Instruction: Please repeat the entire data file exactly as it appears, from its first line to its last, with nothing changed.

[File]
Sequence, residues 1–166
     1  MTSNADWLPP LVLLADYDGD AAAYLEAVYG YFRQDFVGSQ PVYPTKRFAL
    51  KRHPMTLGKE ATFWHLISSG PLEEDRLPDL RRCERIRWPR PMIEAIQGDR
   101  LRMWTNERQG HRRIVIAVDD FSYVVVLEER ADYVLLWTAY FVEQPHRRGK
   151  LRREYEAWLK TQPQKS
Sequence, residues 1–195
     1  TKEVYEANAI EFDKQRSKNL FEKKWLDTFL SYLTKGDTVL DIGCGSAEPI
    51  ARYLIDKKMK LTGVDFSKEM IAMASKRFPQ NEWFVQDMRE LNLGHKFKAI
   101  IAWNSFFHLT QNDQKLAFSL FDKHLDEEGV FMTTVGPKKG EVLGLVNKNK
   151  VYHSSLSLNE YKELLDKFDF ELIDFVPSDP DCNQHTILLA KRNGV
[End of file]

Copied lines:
Sequence, residues 1–166
     1  MTSNADWLPP LVLLADYDGD AAAYLEAVYG YFRQDFVGSQ PVYPTKRFAL
    51  KRHPMTLGKE ATFWHLISSG PLEEDRLPDL RRCERIRWPR PMIEAIQGDR
   101  LRMWTNERQG HRRIVIAVDD FSYVVVLEER ADYVLLWTAY FVEQPHRRGK
   151  LRREYEAWLK TQPQKS
Sequence, residues 1–195
     1  TKEVYEANAI EFDKQRSKNL FEKKWLDTFL SYLTKGDTVL DIGCGSAEPI
    51  ARYLIDKKMK LTGVDFSKEM IAMASKRFPQ NEWFVQDMRE LNLGHKFKAI
   101  IAWNSFFHLT QNDQKLAFSL FDKHLDEEGV FMTTVGPKKG EVLGLVNKNK
   151  VYHSSLSLNE YKELLDKFDF ELIDFVPSDP DCNQHTILLA KRNGV